Thursday, June 16, 2005

"Organizational X-Ray"--an SNA metaphor that is all too apt?

Last week I visited the MIT office of David Hartzband, where we had a fascinating conversation around all sort of topics related to technology and organizations. Along the way David introduced me to CP Snow's "The Two Cultures" and the super pre-categorizing Internet search tool Clusty (not as visually slick as Grokker but more powerful). David has been CTO of several major technology firms and I found his awareness of the technical landscape really breathtaking.

At the end of our meeting, David challenged me with his impression that he sees SNA as a fascinating tool without clear business value. Moreover, amongst David's wide circle of contacts, SNA has polarized the ranks. Half of them love SNA and the other half are bitter about money wasted on opportunistic SNA consultants.

I told David how his perspective reminds me of Steve Borgatti, who months ago explained to me his concern that SNA will get burned by excessive buzz, as legions of inexpert entrepreneurs grab some quick SNA cash and leave the marketplace forever resentful that they ever heard of social networks.

We often use the "organizational x-ray" metaphor in this business, and I think now is a good time to remind ourselves that it took us decades to figure out what x-rays are good for, and not good for. Did anyone out there ever have their shoe size measured by a department store x-ray machine? These were common in the 40s and 50s before their hazards were well understood and they were outlawed. Word didn't get everywhere, however, and the last operational shoe-size x-ray wasn't mothballed until 1981.

Of course, the flip side of this is where would modern medicine be without x-rays? Many of us owe our lives (or limbs or teeth) to timely insights provided by responsible use of this remarkable technology.

So be wary of whiz-bang SNA shoe-size machines and let's focus on connecting this technology to places where it really helps.


Valdis said...

Yeah, Steve is right on! I said something similar when interviewed a few years ago...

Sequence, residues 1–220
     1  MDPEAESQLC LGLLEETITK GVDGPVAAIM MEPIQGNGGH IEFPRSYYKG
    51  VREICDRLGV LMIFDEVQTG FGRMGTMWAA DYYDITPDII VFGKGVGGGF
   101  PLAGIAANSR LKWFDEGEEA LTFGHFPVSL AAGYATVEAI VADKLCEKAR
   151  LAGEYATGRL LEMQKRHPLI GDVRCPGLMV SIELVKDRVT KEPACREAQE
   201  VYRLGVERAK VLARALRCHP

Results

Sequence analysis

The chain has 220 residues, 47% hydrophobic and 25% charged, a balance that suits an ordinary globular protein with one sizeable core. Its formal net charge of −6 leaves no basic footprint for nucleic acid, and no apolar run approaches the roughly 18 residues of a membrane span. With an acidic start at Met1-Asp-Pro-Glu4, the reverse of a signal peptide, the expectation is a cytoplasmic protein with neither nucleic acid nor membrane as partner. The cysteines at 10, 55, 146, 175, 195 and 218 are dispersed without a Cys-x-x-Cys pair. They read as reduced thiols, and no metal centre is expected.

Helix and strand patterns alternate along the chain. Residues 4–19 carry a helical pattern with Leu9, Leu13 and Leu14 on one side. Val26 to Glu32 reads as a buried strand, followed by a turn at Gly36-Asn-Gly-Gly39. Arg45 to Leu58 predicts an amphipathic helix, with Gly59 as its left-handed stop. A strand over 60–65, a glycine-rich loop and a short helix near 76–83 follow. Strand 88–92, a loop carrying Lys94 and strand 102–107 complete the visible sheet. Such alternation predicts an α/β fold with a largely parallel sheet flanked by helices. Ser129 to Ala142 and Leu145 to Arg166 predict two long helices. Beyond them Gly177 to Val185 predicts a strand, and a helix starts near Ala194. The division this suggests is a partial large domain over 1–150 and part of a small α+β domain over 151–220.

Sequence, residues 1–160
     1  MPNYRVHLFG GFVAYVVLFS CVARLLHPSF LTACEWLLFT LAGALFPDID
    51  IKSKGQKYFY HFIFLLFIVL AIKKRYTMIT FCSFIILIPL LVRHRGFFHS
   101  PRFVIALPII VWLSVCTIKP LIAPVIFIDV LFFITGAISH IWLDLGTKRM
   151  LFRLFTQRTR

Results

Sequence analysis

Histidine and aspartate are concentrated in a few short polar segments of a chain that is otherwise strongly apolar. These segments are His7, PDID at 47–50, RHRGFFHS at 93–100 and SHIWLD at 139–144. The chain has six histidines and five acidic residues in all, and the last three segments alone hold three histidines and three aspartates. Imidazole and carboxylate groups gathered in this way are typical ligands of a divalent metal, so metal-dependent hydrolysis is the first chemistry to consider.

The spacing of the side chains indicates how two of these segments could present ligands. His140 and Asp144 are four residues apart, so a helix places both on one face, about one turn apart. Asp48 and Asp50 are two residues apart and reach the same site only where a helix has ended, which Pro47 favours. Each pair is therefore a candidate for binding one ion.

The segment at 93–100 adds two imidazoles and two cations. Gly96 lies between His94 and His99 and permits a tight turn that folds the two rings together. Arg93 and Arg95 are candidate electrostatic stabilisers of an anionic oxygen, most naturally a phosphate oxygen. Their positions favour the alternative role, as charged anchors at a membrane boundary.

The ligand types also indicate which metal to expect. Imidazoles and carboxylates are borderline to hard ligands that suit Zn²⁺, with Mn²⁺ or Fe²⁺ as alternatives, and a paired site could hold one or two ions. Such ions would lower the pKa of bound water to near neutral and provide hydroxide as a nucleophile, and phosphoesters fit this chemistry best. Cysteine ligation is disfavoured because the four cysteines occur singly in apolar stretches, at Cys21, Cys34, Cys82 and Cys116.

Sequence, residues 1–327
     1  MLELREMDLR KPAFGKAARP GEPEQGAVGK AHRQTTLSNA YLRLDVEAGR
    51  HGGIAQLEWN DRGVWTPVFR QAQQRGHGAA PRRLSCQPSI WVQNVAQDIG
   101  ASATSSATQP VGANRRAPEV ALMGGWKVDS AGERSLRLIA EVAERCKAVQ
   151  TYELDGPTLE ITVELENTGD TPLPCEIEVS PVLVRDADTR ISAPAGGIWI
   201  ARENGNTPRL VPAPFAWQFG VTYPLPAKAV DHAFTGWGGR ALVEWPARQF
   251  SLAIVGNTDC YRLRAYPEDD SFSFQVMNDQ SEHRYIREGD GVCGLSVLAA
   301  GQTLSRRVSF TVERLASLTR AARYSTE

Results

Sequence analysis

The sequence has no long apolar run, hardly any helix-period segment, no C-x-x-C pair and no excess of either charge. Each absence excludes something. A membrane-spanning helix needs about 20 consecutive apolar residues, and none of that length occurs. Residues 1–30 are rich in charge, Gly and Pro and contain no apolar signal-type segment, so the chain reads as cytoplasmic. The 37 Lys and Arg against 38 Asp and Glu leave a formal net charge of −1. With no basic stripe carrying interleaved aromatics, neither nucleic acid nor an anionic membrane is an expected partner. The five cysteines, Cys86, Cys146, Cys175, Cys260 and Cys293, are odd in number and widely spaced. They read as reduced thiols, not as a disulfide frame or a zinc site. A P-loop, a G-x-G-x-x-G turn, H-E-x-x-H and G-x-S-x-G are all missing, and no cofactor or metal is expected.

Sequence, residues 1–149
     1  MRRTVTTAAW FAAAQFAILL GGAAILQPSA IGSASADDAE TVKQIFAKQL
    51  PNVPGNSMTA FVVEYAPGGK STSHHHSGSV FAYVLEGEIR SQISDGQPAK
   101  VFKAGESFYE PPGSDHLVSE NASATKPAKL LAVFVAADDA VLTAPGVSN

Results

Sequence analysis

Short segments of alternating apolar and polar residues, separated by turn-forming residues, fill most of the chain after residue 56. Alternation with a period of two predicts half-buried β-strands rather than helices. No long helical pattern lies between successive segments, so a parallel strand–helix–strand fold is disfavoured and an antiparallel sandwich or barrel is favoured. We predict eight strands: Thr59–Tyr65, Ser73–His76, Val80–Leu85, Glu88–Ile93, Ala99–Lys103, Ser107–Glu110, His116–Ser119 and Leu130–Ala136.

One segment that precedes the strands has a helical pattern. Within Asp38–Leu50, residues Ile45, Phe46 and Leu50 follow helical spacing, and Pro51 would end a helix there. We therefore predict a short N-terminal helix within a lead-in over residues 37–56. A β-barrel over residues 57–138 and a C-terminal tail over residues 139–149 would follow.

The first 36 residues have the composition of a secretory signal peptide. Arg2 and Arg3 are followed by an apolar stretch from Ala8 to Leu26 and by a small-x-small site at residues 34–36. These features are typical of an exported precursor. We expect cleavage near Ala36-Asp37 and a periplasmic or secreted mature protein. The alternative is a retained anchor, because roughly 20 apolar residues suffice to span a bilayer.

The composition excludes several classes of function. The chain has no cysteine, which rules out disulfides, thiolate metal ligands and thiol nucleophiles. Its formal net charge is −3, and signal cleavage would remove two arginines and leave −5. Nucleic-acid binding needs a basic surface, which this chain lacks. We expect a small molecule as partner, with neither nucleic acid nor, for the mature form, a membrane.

"But even boosters fear that an incautious provider could hurt the field with a big breach of privacy. Or maybe a company will tell its workers that some are being let go because the new software has determined they are less productive than they seem.

"So far there hasn't been the Chernobyl of social network analysis," said Krebs. "But believe me, it's out there."

Here is an article in the current issue of CIO about social network analysis in corporations.

Anonymous said...

well, steve may be right one, but David is another story. If anyone with a real technological insight bothered to look deeper, you'd see that Vivisimo's technology is far from 'powerful' fact its a commodity that is nowhere near as useful to me as Grokker and even Kartoo. The game of this basic document clustering is old, as is the field of search. I am far more interested in new research projects like Grokker, which is on to something alright, with a new form clustering engine extremely cutting edge, going deep into the web.

Kate Ehrlich said...

I appreciated Bruce's caution about a possible backlash to the buzz surrounding SNA. The use of SNA methods in consulting is still relatively new and hence unproven and untested. But the buzz and excitement has been growing. So it was good to be reminded that some things that appear to be a good idea, turn out to be misguided and perhaps even dangerous, as in Bruce's delightful story of the department store x-ray machine.

Like Bruce, I have often talked about SNA as providing an "x-ray" of the organization. It is an apt metaphor to convey the notion that SNA reveals the hidden informal pathways in the organization. But I have also used the metaphor of "organizational usability" to convey the notion that SNA reveals where human-human interaction isn't working. Just as web designers might use the results of usability tests to adjust the information architecture of their website so that the intended users can complete their tasks, so organizational designers can take the results of an SNA to make adjustments to the incentives, roles and leadership in an organization. Wikipedia defines usability testing thusly, "During usability testing, the aim is to observe people using the product in as realistic a situation as possible, to discover errors and areas of improvement."

Usability testing, based on well established research methods in experimental and cognitive psychology, emerged in the mid 1980s in response to the need for computer systems that could be used by the average person. At first usability testing was mostly done by a few brave souls toiling away in product development groups. Over the years usability testing, as a practice, has grown in importance and influence. There are now hundreds of books for the novice and experienced practitioner, conferences and seminars, societies devoted to furthering the practice and long lists of consultants. A search on brings up over 1000 jobs that have "usability" in the title.

SNA as a practice is still getting defined. When we look back to this time, lets hope SNA looks more like usability than department store x-ray machines.

Valdis said...

Kate, did you realize that IBM started doing SNA as part of internal AND external consulting assignments in 1993? The IBM Consulting Group [now Global Services] was the first major consulting firm to do SNA on a regular basis [by a small band (~40) of consultants].

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